THE THIRD GENERATION
Jolly Forsyte was strolling down High Street, Oxford, on a November afternoon; Val Dartie was strolling up. Jolly had just changed out of boating flannels and was on his way to the ‘Frying-pan,’ to which he had recently been elected. Val had just changed out of riding clothes and was on his way to the fire—a bookmaker’s in Cornmarket.
“Hallo!” said Jolly.
“Hallo!” replied Val.
The cousins had met but twice, Jolly, the second-year man, having invited the freshman to breakfast; and last evening they had seen each other again under somewhat exotic circumstances.
Over a tailor’s in the Cornmarket resided one of those privileged young beings called minors, whose inheritances are large, whose parents are dead, whose guardians are remote, and whose instincts are vicious. At nineteen he had commenced one of those careers attractive and inexplicable to ordinary mortals for whom a single bankruptcy is good as a feast. Already famous for having the only roulette table then to be found in Oxford, he was anticipating his expectations at a dazzling rate. He out-crummed Crum, though of a sanguine and rather beefy type which lacked the latter’s fascinating languor. For Val it had been in the nature of baptism to be taken there to play roulette; in the nature of confirmation to get back into college, after hours, through a window whose bars were deceptive. Once, during that evening of delight, glancing up from the seductive green before him, he had caught sight, through a cloud of smoke, of his cousin standing opposite. ’Rouge gagne, impair, et manque!’ He had not seen him again.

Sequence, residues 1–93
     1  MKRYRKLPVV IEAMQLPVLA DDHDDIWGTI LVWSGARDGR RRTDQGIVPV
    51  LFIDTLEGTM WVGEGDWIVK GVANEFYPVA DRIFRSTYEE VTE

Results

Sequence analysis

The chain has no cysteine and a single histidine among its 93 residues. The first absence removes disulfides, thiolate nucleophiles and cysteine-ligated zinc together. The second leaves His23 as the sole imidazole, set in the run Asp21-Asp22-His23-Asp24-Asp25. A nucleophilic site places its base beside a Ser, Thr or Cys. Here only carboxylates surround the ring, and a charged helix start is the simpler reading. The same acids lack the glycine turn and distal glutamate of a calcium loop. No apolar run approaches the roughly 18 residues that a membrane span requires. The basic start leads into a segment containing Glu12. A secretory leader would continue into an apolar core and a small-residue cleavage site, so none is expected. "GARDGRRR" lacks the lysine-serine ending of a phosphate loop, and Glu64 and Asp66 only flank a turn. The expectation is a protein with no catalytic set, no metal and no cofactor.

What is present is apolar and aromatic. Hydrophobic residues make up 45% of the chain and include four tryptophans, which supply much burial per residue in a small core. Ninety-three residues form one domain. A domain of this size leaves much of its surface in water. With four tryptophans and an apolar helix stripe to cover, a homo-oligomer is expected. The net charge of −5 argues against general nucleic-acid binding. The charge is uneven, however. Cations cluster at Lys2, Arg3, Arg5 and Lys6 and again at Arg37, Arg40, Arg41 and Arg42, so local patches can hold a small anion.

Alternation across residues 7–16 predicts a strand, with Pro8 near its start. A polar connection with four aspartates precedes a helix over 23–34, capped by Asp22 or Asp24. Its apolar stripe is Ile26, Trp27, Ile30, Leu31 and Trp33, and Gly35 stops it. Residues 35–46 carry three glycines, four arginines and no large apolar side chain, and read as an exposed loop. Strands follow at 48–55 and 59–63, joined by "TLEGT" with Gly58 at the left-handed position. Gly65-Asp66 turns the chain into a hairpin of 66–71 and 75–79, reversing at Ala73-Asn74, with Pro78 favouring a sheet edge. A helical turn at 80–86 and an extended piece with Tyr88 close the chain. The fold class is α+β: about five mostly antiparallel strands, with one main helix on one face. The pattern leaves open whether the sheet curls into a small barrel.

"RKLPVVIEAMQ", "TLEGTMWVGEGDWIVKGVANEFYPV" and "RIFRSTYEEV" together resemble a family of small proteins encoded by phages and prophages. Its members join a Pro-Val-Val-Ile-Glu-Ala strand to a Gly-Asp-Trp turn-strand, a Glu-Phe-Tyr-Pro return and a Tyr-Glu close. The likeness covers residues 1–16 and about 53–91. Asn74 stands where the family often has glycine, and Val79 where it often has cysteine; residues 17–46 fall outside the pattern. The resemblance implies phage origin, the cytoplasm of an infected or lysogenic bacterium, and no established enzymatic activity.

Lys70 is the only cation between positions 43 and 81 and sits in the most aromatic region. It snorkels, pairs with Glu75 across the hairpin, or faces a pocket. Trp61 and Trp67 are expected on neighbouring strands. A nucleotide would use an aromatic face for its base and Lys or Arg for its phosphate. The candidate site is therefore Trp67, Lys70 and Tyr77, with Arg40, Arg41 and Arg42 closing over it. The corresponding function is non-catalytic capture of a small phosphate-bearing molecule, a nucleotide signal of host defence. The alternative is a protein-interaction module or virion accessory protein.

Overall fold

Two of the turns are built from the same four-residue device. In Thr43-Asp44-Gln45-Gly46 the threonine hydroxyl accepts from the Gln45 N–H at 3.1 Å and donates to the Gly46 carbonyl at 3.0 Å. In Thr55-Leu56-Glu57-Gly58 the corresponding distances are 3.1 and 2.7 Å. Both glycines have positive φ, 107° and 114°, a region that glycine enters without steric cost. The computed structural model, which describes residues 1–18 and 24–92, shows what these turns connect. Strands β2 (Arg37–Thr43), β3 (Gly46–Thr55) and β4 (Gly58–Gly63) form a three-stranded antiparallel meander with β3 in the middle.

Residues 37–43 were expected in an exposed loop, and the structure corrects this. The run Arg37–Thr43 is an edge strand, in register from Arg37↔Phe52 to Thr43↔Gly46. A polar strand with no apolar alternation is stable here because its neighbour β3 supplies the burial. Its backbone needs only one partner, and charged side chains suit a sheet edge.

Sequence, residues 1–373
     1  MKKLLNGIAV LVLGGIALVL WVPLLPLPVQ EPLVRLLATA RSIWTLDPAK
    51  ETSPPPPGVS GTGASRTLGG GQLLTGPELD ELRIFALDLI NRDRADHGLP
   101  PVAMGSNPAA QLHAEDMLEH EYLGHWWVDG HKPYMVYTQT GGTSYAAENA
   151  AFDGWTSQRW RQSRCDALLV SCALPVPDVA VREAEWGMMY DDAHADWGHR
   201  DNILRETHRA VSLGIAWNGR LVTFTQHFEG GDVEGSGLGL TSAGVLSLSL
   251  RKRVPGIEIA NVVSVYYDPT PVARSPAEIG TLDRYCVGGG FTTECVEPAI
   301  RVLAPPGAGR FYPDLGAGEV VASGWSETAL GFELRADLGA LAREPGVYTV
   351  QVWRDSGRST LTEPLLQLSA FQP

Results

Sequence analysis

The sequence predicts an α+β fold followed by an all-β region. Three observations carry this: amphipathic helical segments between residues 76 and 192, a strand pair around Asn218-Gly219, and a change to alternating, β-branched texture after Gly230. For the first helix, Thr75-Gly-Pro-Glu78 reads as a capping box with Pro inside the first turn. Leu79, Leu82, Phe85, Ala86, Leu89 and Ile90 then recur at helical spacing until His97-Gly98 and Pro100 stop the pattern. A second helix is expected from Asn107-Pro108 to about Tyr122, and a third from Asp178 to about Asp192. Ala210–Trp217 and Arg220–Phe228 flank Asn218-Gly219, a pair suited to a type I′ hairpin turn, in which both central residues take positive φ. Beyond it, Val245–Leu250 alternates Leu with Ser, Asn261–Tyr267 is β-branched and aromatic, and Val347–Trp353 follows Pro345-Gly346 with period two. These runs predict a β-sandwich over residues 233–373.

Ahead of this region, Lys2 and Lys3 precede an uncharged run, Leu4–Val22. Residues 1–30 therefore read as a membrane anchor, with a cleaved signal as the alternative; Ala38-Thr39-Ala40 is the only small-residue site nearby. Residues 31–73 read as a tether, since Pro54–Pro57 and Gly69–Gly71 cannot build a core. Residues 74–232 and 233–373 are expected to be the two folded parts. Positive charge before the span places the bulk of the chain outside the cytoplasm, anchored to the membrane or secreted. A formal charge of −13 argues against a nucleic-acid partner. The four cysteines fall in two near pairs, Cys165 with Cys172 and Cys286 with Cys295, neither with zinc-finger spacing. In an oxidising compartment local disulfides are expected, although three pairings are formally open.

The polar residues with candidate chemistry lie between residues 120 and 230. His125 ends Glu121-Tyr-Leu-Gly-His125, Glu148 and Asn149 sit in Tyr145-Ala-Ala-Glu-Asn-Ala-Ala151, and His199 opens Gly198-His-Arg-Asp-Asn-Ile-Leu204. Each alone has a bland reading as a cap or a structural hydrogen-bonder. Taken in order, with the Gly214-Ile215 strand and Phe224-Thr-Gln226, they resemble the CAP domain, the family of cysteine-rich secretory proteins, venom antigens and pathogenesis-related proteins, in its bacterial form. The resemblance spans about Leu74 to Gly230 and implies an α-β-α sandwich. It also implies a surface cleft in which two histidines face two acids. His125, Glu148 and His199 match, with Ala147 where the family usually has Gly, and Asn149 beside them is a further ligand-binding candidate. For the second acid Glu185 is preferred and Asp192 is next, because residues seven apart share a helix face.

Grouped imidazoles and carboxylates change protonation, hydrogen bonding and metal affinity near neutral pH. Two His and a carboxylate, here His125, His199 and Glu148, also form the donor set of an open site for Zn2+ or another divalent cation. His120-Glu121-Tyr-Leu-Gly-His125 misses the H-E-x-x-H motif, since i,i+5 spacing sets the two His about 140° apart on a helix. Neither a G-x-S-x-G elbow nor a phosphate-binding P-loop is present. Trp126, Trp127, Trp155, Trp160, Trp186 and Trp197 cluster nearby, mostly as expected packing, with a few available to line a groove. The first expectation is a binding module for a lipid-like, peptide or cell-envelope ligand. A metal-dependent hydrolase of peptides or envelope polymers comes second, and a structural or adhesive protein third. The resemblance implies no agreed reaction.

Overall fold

“Come in to the Frying-pan and have tea,” said Jolly, and they went in.
A stranger, seeing them together, would have noticed an unseizable resemblance between these second cousins of the third generations of Forsytes; the same bone formation in face, though Jolly’s eyes were darker grey, his hair lighter and more wavy.
“Tea and buttered buns, waiter, please,” said Jolly.
“Have one of my cigarettes?” said Val. “I saw you last night. How did you do?”
“I didn’t play.”